In wrestling speak, Jacob Joyce is a mat warrior. The Ponaganset High senior is a two-time R.I. state champion in two different weight classes and was the last wrestler left standing at last winter’s 120-pound division of the New England Championship.
In the classroom, Joyce is equally determined and vigilant. He owns a 4.31-grade point average – proof that the planets can align in one’s favor providing there’s an unwavering willingness to put in the prerequisite work.
“With all the hard work that goes in, it’s definitely nice to see some success,” said Joyce, “but we’re still working hard. We’re never satisfied. You always want to keep grinding and pushing.”
That insatiable hunger helped serve as prime fuel for a commitment that Joyce sat on for close to a calendar year and finally became official last month when he signed his National Letter of Intent to attend Stanford University beginning in the fall of 2023.
“It was great to make everything official with that written piece and get it all done,” he said.
Joyce is part of what’s unofficially known as the First Family of Ponaganset High’s tight-knit wrestling community. His older brother Mike wrestles at Brown University, listed as a 125-pound freshman. His younger brother Joe is a freshman on this year’s PHS squad.
The father of all three boys is Mike Joyce, one of the individuals responsible for elevating the demanding sport to a higher plateau. Originally from Ohio, Mike was the head coach when the Chieftains broke through in 2018 with team titles at the state and New England levels. This season, Mike is serving as Ponaganset’s volunteer coach. He’ll continue to ensure the program remains on solid ground – grades remaining up to par or aiding in recruiting. More than anything, additional time is on Mike’s side when helping to get Jacob and Joe mentally and physically ready for what awaits them when stepping into the circle.
From Mike’s vantage point, the purpose and point of wrestling have been to reach a destination that you otherwise wouldn’t be able to get to.
“If you have the combination of good grades, volunteer work, being a person of character, along with wrestling, you’re going to be able to go to these types of schools. If you’re on board with it, we’re going to do everything we can to help you,” said Mike, referring to one son who’s currently at an Ivy League institution and another son who a year from now will be wrestling at a school that’s been dubbed the “Ivy of the West.”
For all the time that’s been invested in the pursuit of reaching the Holy Grail of athletic prowess and academic excellence, there exists a family foundation within the Joyce household that’s built on the importance of doing your personal best at anything you do. Mike and his wife Cindy are both teachers, as were both of Jacob’s grandparents. Getting good grades was important, yet the expectations weren’t raised to unhealthy levels based on endless hours of homework stemming from their sons taking on a rigorous load of mostly Advanced Placement classes.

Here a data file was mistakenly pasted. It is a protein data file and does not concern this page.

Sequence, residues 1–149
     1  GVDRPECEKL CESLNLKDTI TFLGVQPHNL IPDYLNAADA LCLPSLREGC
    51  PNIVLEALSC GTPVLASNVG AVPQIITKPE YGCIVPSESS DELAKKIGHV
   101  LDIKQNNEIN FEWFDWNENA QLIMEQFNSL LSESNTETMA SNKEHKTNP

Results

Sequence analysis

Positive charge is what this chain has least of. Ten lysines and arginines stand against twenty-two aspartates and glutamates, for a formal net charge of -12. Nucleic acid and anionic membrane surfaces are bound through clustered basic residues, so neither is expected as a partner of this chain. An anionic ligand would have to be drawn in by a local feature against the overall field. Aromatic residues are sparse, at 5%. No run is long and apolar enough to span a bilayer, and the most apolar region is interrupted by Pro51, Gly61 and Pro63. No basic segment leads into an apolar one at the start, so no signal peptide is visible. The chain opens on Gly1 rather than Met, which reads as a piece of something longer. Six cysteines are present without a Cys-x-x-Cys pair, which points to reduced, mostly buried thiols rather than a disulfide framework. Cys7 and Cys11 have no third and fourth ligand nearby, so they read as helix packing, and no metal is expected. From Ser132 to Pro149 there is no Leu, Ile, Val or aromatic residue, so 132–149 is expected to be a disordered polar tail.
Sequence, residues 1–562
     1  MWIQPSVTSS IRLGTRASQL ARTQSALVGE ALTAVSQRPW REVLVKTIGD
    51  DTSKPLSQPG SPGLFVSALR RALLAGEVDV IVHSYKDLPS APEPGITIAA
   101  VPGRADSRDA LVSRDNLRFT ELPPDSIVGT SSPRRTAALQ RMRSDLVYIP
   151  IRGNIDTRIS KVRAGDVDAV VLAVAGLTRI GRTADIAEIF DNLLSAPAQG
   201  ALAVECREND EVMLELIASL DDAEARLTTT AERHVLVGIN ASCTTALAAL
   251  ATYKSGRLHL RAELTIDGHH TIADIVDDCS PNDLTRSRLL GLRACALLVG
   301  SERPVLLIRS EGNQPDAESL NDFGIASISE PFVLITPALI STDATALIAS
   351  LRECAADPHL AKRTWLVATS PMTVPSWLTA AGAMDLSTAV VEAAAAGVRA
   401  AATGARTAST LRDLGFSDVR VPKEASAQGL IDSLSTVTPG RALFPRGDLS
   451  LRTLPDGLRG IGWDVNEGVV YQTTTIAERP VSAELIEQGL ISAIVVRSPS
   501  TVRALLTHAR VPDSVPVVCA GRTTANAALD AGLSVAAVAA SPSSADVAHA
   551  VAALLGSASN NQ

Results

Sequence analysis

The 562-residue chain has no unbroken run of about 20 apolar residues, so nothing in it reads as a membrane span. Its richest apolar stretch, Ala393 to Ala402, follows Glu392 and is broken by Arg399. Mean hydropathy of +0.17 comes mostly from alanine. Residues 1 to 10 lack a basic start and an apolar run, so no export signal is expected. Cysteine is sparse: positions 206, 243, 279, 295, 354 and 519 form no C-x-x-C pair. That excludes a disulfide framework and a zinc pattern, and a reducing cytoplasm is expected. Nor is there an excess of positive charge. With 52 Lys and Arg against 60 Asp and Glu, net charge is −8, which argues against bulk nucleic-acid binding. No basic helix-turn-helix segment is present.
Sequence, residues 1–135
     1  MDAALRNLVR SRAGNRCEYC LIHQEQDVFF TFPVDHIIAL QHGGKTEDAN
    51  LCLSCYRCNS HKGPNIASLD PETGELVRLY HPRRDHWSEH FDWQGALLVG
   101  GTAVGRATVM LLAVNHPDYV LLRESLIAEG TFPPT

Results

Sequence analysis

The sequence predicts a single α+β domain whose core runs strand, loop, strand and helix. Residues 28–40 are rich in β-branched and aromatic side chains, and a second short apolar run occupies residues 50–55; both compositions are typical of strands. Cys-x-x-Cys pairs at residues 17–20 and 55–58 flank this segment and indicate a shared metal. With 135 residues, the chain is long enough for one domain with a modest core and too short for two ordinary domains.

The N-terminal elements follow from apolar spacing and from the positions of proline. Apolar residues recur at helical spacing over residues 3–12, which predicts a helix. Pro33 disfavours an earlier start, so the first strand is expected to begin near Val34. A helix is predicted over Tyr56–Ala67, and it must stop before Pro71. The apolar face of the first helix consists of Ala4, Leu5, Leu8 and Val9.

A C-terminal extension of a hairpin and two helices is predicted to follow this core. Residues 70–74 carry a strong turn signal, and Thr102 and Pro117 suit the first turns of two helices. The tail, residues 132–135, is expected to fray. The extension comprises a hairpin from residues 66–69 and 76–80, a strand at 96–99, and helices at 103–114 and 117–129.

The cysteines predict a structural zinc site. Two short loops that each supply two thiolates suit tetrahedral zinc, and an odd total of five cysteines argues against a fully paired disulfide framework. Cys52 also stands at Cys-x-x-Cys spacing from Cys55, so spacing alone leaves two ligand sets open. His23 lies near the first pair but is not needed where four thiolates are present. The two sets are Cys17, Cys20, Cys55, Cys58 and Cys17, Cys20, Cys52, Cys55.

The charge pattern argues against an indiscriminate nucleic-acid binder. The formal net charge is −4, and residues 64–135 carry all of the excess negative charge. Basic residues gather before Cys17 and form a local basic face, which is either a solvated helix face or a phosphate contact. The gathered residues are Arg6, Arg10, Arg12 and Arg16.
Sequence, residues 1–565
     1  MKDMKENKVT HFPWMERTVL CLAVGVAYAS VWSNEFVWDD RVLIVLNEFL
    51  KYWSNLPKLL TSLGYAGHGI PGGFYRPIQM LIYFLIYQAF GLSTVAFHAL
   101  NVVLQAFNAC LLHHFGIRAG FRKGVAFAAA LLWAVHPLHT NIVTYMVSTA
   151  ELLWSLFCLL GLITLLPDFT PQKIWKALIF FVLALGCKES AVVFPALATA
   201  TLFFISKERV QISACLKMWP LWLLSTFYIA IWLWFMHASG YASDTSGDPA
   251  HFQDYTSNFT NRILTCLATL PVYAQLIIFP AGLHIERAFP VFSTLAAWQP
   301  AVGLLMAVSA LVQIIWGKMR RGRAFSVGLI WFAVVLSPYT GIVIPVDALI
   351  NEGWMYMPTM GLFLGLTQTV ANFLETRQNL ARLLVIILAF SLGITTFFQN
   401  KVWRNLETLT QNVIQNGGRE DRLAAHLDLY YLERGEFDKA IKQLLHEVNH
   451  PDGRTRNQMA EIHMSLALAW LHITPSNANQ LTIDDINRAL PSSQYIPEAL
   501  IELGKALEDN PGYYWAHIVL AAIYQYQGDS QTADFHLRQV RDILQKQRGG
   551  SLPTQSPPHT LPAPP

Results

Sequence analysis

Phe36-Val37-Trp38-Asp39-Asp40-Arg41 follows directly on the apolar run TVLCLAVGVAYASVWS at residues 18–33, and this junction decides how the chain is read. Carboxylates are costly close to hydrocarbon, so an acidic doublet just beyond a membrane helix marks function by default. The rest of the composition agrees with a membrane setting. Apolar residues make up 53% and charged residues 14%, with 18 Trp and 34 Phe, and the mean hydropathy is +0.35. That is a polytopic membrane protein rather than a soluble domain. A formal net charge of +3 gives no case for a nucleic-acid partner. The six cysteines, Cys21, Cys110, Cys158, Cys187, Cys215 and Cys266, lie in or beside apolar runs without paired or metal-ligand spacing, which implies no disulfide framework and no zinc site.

“All we’ve ever asked of our kids is that in life, whatever it is they are doing, they try their best … get the best grades they are capable of, and be the best human beings they can be,” said Cindy Joyce.
In wrestling, remaining humble and grounded runs neck-and-neck with the prerequisites of clean eating – where every calorie is counted – and maintaining a vigilant approach to practicing. It also helps to be blessed with tunnel vision, a trait that has enabled Joyce – a youngster of few words – to maintain an edge where nothing but the best will suffice.
“We’ve always known the main goal. It wasn’t hard to be motivated to pursue it,” said Jacob Joyce.
The Joyce family is spending the weekend in Ohio, site of the Walsh Jesuit Ironman Tournament that will see Jacob wrestle at 126 pounds – he competed at 120 pounds last season as a junior. Nationally, he ranks 11th in the nation in his current weight class.
Jacob Joyce has been wrestling since he was five years old. There’s not much that he hasn’t seen, hence don’t expect him to be blinded or caught up in the moment that awaits him following a 10-hour car ride from Foster-Glocester to the Buckeye State.
“From wrestling so much, I don’t have too many nerves when I go out there,” said Jacob Joyce. “My focus has always been to go out there and wrestle hard.”
Added his proud mother Cindy, “He does not seem to get nervous when he steps on the mat, but I also know he never underestimates his opponent. He takes every match seriously. Once he shakes his opponent’s hand, he wrestles with the mentality that there will only be one hand raised at the end of the match, and he does everything to try and ensure that it’s his. He is competitive by nature.”
It’s one thing for parents to want the best for their children. At the end of the day, the children have to be the ones who want it for themselves even more. From setting goals, to constantly reflecting and adjusting, Jacob Joyce kept his foot firmly on the gas pedal. Because of that, the opportunity to attend and wrestle at a prestigious college awaits.
Brendan McGair is a sportswriter and columnist with the Pawtucket Times and the Woonsocket Call. A graduate of Providence College, McGair is a five-time recipient of the R.I. Sports Writer of the Year Award as voted by the National Sports Media Association (NSMA).
Follow McGair on Twitter @BWMcGair03 and on Instagram @bwmcgair.